How to address violence in the news with your students.
Most interactive lesson platforms are designed to make class time very engaging, and LessonUp will serve that purpose. But LessonUp might be best designed for independent or at-home learning, or for a hybrid classroom environment. In addition to live group instruction, teachers can assign lessons to their students (individually or as a class) to complete asynchronously. Use LessonUp to create a well-designed lesson with online videos, key terms, curated websites, images, and questions to check for understanding. Mark slides as "extra practice" or "extra challenge," instruct students to take the path they need, or require completion of a certain number of each type. When you're back together as a class, review student responses, verify understanding, and devote more time to discussion or hands-on activities. The lesson report is particularly useful, showing teachers which slides/activities students skipped in addition to their question responses.Continue reading Show less
LessonUp is a web-based interactive lesson platform that integrates text, images, videos, websites, maps, game-like quizzes, interactive slides, and open-ended questions. Using the lesson library, created by other teachers and partner organizations, teachers can use existing material or just start from scratch. Teachers can present lessons in class, with or without students participating on their own devices, or assign lessons to students for independent work. Students participate with the LessonUp app or in a web browser on any type of internet-connected device. During the lesson, teachers can annotate on the screen and choose whether or not to cast their screen to student devices. It's also possible for teachers to chat with students during a lesson. Data is collected from every lesson, but it's easier to monitor student progress if they log in to a LessonUp account. A differentiation feature lets teachers color-code slides to offer extra practice or create custom paths. Lessons can also be assigned to specific students instead of the whole class. Teachers can share lessons with each other via a link or by posting them in the LessonUp library.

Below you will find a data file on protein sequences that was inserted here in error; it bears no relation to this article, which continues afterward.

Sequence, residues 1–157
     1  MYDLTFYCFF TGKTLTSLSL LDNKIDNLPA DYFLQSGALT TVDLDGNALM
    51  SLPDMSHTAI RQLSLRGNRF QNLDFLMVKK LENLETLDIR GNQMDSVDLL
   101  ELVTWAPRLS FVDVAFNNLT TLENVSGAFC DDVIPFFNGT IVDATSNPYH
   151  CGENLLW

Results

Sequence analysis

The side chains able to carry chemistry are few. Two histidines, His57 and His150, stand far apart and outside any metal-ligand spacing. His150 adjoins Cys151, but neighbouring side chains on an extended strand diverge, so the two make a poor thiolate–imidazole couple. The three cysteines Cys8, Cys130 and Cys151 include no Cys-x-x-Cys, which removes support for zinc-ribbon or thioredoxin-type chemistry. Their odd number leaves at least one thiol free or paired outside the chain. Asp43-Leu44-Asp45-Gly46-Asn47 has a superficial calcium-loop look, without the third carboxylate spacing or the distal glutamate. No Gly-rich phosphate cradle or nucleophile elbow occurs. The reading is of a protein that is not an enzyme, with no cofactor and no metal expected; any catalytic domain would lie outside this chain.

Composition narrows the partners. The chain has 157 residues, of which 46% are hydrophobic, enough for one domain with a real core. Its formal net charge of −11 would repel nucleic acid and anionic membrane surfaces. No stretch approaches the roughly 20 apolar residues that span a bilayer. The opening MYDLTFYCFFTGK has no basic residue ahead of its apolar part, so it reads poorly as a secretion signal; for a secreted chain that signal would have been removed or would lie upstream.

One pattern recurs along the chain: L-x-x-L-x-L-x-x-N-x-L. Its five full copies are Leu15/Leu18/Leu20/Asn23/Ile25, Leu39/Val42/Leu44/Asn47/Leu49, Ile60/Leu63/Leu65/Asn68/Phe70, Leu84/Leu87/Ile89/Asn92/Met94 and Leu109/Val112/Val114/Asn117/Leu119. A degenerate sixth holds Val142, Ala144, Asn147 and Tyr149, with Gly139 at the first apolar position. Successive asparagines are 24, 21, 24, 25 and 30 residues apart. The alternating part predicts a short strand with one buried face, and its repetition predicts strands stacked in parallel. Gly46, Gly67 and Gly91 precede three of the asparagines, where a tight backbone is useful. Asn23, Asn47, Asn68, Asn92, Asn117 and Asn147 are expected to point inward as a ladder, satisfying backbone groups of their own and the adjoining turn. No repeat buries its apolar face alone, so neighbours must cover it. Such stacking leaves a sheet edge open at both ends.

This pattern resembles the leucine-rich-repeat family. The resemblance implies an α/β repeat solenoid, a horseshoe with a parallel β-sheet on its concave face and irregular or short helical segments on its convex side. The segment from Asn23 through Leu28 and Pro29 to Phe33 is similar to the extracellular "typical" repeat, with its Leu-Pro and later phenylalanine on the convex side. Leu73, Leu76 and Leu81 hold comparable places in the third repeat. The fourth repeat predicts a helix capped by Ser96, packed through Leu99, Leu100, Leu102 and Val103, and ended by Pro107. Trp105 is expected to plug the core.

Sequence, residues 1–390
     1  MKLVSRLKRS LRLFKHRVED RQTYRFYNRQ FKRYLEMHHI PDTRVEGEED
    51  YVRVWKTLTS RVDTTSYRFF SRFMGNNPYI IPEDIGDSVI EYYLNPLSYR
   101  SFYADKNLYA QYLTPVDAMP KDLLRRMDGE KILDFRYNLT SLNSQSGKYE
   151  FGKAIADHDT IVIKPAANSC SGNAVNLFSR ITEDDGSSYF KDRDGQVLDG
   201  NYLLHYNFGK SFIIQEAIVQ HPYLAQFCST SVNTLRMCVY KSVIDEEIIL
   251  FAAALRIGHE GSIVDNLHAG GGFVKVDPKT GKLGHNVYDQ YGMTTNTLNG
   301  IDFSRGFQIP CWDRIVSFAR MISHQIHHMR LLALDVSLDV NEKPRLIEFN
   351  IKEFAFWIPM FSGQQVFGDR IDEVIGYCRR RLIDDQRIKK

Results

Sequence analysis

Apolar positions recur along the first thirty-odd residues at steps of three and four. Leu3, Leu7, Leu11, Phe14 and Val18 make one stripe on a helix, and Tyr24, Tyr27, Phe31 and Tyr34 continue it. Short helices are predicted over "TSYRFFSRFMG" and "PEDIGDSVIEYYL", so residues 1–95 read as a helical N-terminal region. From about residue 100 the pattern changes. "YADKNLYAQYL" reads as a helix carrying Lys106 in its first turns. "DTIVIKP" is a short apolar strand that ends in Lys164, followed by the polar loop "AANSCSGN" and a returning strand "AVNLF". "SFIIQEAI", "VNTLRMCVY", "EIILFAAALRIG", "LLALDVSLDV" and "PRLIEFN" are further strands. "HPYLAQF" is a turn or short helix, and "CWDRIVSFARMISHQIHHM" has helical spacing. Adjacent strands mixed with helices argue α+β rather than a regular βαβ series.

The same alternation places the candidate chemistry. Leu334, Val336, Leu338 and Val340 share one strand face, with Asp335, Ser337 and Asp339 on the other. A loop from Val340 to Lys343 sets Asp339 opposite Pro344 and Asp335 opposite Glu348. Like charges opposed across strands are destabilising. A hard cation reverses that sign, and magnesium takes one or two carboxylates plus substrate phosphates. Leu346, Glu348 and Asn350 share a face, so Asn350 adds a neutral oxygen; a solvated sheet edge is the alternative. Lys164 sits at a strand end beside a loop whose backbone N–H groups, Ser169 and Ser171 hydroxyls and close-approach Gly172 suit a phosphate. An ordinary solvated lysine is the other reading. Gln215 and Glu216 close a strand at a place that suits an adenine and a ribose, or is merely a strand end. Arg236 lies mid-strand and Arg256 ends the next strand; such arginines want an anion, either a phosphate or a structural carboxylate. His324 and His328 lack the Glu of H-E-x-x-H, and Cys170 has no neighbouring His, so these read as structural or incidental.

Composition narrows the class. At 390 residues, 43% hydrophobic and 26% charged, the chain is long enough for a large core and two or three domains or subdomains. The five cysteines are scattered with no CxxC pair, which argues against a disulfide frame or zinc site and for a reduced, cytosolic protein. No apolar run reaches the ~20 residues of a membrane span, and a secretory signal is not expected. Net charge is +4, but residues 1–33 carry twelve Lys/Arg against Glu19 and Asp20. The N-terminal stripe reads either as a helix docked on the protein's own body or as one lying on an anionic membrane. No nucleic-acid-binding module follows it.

LessonUp delivers a well-designed experience for students and teachers alike. It combines all of the features of an app-based quizzing tool that make lessons interactive and tons of options to deliver quality lessons that address individual students' needs. The slide template is divided into separate parts (preparation, instruction, practice, evaluation, and differentiation) to help you create a well-rounded lesson. Having an extensive lesson library saves teachers time, and there's support to help you get started with all of the features. Sharing with students is simple, especially if your students use Google Classroom. If your students don't have email, Google, or Microsoft 365 accounts, you can create LessonUp usernames for them. Students can use LessonUp without an account, but data collection is limited.
Student annotation tools would be a helpful addition, although students can write responses or upload images if you choose that specific slide type. Some of the interactive elements, like quizzes, don't work well with screen readers. You can choose to record audio or upload an image instead of text, so keep in mind your students' accessibility needs when creating interactive content. More supports for students, even just around using the features, would also be helpful. It's also good to note that LessonUp is a Dutch company that has expanded internationally, so even when you are using the English site, you may occasionally encounter a random word or menu in Dutch. When searching for existing content in the shared library, you can limit your results by country of origin.